Glittering in the sun due to its gold leaf exterior is one of Kyoto’s most recognizable and loved sites – The Golden Pavilion, commonly called Kinkaku-ji in Japanese (though its official name is
Rokuon-ji – 鹿苑寺). Standing stately it is among an esteemed group of historic UNESCO World Heritage Sites collectively referred to at the Historic Monuments of Ancient Kyoto. The Golden Pavilion, reflecting its beauty on the mirror pond surrounding it, was constructed back in 1397 for the shōgun Ashikaga Yoshimitsu. Further buildings were constructed later on and it became the Kinkaku-ji complex. Upon the death of the shōgun his son made the complex into a beautiful Zen Garden which has remained important to the monks since. During the Onin War in the 1400s the complex was, sadly devastated by fire with only the Golden Pavilion surviving. Restoration of the gardens ensued and it remained so until 1950 when a novice monk burned down the pavilion. Once again it was rebuilt, keeping very close to the original design.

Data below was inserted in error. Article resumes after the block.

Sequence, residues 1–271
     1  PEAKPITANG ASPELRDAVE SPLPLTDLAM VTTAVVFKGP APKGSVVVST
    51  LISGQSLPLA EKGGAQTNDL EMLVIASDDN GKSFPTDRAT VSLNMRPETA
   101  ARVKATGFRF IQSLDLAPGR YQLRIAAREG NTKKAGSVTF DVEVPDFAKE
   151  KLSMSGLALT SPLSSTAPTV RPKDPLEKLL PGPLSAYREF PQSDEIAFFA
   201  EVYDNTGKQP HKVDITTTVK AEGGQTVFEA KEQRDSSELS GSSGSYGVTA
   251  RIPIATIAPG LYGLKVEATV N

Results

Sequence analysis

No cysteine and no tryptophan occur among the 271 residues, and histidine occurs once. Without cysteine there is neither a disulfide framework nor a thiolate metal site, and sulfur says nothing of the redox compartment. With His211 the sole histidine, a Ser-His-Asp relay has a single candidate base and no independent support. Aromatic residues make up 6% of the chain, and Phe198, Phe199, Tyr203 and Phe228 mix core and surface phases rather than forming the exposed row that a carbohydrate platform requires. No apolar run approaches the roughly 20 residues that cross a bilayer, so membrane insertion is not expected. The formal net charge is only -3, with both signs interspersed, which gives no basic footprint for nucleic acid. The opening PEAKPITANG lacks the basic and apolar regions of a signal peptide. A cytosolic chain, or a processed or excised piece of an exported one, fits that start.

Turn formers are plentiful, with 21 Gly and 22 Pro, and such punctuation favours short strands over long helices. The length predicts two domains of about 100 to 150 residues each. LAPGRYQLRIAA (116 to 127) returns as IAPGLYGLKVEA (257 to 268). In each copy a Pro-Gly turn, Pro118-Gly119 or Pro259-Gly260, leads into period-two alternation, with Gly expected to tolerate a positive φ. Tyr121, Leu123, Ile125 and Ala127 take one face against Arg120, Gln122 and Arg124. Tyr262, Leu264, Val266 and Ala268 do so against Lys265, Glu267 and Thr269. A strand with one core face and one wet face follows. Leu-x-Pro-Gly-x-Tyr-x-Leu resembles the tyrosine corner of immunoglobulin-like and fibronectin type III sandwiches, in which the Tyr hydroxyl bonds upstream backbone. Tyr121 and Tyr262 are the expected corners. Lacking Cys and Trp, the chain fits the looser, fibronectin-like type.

Today the Golden Pavilion is Kyoto’s most visited site. Gathering from the photos I’ve seen I can understand why. Wandering the gardens, admiring the pond, taking in the history, and seeing the architecture sounds wonderful. Since it is so popular do expect that there will be crowds. It is located north of Kyoto is can take about 30 – 40 minutes to arrive, depending on your mode of transportation. There are buses that leave regularly from Kyoto Station. There is also the option of hiring a taxi or booking a tour so doing some research may be of benefit.